Yes, if you are a city, defined as a legal governmental entity with a population of over 50,000 inhabitants possessing a municipal government or other elected or appointed chief executive officer uniquely assigned to govern that population, you are eligible to apply.

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Can only cities apply?Anchor

No, major institutions (e.g., a nonprofit organization, university, chamber of commerce, or research center) that have an affiliation with a city are eligible to apply if they satisfy the following two requirements: (1) within the required letter of support, the highest ranking official must indicate agreement with all entry form answers and (2) the entry form must include at least one city contact and a valid email address. Affiliated organizations may also apply when a city cannot represent itself for legal reasons.

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But how do I apply?

How do I submit my application?Anchor

As of May 2016, the 100 Resilient Cities network has reached 100 members and is now closed.

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Can I edit or change my entry after I’ve submitted it?Anchor

You may edit your entry until you press the “submit” button, but will not have the ability to change your entry after that point.

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May I submit more than one entry to the challenge?Anchor

No, each city may only submit one application.

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AnchorWhat if I applied to the Challenge last year, can I simply resubmit my 2014 application?

Entrants that applied to the Challenge online in 2014 have the option of revising and resubmitting their 2014 application, but applicants must include a letter of support from a city’s Chief Executive, written in 2015.

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AnchorWhat is an “Outreach Associate?”

We have a team of Outreach Associates, or Community Managers, located across the globe and ready to support your application process. Reach out to them with any questions about the 100 Resilient Cities Challenge, for support completing an application offline, and beyond.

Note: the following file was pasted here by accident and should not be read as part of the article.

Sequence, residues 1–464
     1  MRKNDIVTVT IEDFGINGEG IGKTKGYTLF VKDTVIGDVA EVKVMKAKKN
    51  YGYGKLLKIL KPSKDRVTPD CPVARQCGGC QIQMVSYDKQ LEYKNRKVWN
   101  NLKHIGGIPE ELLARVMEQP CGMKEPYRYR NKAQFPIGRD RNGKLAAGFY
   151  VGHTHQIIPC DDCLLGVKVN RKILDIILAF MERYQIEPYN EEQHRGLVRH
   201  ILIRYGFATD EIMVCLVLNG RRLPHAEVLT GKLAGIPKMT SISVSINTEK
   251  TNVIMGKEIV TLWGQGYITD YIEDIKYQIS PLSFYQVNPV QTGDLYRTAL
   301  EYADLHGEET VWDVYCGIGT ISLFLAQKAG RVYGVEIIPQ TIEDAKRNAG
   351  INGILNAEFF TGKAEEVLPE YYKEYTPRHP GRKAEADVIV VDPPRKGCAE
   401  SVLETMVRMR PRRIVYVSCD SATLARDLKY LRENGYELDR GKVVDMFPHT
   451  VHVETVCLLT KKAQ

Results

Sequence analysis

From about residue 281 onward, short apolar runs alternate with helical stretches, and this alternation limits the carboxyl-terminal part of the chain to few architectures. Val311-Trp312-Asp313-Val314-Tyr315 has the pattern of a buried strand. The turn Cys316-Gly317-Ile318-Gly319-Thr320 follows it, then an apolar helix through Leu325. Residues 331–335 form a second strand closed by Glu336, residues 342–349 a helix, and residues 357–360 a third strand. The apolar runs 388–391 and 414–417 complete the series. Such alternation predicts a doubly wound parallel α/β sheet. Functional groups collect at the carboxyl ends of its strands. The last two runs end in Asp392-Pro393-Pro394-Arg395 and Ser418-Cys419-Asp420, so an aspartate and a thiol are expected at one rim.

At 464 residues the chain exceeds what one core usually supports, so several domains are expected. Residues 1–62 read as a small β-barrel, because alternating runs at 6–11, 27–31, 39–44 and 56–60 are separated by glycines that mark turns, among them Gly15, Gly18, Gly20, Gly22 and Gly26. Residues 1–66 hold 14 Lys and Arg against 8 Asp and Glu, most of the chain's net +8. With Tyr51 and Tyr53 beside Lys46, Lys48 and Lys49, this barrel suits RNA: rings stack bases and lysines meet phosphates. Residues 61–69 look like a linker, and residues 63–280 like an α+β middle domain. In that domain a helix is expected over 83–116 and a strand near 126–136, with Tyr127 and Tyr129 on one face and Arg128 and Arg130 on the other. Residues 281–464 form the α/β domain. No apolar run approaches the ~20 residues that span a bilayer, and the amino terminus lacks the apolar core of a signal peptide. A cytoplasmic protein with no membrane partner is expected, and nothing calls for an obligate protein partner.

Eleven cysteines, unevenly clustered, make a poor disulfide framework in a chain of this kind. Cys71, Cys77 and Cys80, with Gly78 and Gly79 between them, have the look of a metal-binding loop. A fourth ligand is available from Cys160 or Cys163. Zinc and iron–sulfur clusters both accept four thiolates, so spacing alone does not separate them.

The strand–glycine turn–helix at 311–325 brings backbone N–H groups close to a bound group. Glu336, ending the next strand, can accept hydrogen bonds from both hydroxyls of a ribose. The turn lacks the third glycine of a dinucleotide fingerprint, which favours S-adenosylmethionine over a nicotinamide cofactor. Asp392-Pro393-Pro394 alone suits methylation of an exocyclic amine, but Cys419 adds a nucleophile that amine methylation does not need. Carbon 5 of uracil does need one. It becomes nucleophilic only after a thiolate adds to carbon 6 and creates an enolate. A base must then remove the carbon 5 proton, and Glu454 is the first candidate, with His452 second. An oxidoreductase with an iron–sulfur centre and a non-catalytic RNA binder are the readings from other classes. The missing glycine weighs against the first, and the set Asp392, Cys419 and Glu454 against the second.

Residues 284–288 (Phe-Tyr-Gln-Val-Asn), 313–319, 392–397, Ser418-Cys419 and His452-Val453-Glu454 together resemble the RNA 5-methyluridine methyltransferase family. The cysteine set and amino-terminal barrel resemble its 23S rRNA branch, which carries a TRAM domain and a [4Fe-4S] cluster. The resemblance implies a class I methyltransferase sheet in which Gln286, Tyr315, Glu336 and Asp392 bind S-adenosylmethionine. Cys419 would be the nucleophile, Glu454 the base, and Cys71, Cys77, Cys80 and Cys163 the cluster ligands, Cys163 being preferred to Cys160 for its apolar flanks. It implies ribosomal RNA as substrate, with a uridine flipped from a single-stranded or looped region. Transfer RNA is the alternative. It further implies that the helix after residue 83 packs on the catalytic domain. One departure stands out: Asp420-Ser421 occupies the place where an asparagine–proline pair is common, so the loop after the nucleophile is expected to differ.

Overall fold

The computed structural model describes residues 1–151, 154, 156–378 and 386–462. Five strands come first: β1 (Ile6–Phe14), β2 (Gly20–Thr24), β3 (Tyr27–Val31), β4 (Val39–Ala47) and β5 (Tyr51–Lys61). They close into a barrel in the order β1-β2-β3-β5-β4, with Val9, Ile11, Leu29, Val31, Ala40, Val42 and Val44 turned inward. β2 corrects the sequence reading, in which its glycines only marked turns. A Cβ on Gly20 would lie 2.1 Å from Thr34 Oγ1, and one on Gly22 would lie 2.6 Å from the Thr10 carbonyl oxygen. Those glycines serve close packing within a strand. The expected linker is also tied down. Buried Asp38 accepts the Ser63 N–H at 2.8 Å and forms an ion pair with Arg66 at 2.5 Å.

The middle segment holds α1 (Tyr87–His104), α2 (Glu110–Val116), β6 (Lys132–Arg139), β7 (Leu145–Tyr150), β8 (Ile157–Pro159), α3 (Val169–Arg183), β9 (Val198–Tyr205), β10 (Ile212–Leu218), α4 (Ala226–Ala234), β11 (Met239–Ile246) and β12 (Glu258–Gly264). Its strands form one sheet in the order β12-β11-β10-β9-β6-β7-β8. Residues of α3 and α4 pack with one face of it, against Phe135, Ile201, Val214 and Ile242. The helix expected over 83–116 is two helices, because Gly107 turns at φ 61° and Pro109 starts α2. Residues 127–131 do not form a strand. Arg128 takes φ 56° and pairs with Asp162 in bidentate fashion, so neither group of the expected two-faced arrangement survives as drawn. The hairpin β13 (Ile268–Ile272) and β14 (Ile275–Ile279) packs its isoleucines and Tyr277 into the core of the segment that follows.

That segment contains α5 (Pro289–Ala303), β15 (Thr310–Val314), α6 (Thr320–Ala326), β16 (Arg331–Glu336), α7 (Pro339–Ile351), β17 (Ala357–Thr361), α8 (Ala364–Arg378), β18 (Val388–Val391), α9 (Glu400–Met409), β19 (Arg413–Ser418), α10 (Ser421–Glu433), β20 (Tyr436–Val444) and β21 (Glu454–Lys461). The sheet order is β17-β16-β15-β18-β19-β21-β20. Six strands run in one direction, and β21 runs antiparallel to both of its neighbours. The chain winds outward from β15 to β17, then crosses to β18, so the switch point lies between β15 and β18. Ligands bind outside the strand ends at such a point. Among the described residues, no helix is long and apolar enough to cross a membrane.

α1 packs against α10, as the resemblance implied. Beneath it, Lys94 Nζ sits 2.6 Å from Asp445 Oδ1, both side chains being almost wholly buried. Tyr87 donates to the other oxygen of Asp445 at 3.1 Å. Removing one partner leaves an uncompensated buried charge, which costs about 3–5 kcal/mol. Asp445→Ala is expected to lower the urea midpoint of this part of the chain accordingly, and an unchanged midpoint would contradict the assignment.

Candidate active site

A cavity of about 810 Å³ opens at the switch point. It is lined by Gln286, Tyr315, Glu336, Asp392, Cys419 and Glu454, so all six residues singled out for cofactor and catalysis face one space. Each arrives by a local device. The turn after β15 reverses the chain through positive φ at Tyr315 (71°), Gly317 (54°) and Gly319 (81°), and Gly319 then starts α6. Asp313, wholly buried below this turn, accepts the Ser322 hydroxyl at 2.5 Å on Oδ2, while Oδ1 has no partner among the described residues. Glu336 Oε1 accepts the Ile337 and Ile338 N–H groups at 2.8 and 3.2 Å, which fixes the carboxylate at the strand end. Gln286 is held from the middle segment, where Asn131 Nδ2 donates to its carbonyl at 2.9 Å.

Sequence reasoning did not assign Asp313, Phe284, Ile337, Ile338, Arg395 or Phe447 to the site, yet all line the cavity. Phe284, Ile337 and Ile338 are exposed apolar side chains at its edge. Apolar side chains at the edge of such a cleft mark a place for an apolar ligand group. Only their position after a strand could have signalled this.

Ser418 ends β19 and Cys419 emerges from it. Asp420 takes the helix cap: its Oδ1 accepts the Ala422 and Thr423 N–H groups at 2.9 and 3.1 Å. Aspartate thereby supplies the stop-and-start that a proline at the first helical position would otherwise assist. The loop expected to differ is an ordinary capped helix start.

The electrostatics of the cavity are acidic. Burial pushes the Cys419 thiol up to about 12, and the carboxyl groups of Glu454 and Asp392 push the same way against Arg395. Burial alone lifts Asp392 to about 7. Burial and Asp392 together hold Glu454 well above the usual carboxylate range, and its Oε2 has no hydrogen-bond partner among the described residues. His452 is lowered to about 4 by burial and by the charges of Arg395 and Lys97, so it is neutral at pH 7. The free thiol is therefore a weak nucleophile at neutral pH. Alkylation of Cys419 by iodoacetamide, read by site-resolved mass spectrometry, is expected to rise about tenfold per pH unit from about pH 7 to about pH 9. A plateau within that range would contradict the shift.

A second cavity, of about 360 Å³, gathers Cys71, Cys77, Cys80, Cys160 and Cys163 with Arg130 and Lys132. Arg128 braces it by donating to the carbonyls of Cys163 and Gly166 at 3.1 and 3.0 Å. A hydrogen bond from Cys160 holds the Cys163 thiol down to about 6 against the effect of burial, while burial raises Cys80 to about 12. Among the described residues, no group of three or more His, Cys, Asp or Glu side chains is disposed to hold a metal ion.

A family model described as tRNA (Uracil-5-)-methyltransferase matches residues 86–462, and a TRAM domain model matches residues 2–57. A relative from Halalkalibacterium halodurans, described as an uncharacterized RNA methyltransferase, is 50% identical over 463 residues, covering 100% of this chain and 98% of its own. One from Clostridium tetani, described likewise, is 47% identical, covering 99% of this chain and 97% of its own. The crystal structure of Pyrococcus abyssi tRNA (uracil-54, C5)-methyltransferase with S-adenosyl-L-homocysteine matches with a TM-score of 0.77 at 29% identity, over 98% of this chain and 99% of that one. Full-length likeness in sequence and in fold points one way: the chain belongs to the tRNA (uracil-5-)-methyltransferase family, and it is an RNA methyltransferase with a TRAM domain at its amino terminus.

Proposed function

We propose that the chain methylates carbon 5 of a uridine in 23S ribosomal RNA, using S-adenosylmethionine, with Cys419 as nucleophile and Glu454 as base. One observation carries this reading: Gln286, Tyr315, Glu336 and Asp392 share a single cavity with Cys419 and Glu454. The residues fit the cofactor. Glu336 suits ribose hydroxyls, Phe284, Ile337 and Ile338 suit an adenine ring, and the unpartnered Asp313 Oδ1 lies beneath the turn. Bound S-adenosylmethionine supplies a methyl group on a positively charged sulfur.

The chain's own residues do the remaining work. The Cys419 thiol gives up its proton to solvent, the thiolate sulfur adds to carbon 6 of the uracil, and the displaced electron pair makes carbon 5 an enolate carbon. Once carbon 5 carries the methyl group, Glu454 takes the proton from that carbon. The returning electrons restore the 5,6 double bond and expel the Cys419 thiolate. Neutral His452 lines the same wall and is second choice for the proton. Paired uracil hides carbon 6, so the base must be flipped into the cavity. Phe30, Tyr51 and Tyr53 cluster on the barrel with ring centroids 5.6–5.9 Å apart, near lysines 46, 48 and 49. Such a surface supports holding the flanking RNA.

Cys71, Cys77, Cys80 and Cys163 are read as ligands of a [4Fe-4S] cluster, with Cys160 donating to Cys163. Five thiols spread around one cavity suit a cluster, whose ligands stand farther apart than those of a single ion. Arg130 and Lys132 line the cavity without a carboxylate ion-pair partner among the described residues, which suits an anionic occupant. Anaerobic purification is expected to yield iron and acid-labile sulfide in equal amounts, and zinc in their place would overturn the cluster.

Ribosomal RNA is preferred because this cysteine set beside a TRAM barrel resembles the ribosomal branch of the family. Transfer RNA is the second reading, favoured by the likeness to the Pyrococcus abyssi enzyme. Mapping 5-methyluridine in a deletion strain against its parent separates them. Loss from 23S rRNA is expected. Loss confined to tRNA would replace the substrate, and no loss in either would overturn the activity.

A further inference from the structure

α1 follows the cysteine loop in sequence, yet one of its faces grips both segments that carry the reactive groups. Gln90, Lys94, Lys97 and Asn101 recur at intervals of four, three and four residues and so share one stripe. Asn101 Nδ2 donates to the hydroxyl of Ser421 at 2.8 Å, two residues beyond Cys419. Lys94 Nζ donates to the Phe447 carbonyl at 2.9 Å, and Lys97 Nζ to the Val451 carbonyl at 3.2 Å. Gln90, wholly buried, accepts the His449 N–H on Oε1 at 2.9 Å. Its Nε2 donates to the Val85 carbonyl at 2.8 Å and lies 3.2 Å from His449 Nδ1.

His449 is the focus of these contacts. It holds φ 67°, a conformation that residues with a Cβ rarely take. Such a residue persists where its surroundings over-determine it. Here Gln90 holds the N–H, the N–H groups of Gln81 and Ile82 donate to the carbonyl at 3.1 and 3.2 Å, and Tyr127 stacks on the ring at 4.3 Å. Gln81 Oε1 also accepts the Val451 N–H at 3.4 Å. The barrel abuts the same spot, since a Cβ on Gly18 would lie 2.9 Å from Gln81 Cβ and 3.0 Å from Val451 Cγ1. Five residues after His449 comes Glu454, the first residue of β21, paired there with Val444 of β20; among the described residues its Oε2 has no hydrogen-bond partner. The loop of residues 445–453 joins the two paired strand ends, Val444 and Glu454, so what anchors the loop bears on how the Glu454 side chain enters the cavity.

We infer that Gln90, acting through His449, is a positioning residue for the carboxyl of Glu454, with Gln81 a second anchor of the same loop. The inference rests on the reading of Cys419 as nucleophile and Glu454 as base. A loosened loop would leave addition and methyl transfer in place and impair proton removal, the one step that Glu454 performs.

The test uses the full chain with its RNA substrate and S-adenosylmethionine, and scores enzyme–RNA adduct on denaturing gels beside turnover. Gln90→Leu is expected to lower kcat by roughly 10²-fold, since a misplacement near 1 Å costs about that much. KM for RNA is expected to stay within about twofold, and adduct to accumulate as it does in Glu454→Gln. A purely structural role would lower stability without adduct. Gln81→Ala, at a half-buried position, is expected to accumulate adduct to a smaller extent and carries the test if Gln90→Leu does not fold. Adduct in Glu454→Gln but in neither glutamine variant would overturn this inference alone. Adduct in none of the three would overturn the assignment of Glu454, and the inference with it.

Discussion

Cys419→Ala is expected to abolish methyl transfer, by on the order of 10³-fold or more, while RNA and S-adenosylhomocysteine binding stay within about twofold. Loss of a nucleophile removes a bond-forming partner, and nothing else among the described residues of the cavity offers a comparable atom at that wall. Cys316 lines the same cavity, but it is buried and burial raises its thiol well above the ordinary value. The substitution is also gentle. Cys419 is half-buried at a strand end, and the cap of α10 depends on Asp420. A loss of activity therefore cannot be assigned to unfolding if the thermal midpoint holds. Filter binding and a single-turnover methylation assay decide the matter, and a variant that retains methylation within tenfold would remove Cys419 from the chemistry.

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What if I can’t apply online?Anchor

Apply offline in any of the seven Challenge supported languages by downloading a PDF of the application available at Upon submission of an offline application, an Outreach Associate will upload your completed entry to the site on your behalf and you will receive a confirmation email, thanking you for your application.

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Are entries accepted in language other than English?Anchor

Yes, the application must be completed in one of the following languages: Arabic, Chinese, Russian, Portuguese, English, French, or Spanish. Submit the entry one of two ways: on the website, or by downloading a PDF of the application from in the preferred language, completing it, and emailing it to an Outreach Associate. The designated Outreach Associate, as identified on the Challenge website, will then translate the entry into English and upload it on behalf of the entrant to the website.

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AnchorDoes the 100 Resilient Cities Challenge consist of multiple rounds this year?

No, the 100 Resilient Cities Challenge will be a single round. All completed applications are due on November 24, 2015, by 23:59:59.

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Talk to me more about criteria.

AnchorWhat are the criteria for being selected?Anchor

Review the official Challenge application criteria listed here:

President Michael Berkowitz also published a blog post on four characteristics that we look for in city partners.

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AnchorWho determines the winning entries?

Members of the 100 Resilient Cities team and a panel of expert judges.

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What are the judges looking for?Anchor

  1. An engaged Mayor or chief executive who shows a commitment to resilience building and an understanding of the broad implications and benefits successful resilience planning can bring;
  2. An ability on the part of the city to work across sectors and levels of government, as well as engage in partnerships with the private sector, NGO’s and civil society groups to achieve complex goals and:
  3. A catalyst for change including a recent or impending shock, or an ongoing or reoccurring acute stress, that is deeply affecting the city and its citizens.

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Can I see a sample application from last year’s submissions? Anchor

100 Resilient Cities will not make last year’s application submissions available as samples. You can direct specific application questions to or your Community Manager and we’ll work to help you prepare the strongest application possible.

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Who will have access to my action plan once I submit it?Anchor

Initially, members of the 100 Resilient Cities team and a panel of expert judges will have access to the application. Find additional information on applicant information on our Official Rules page.

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AnchorWho should I contact if I am having problems with the website?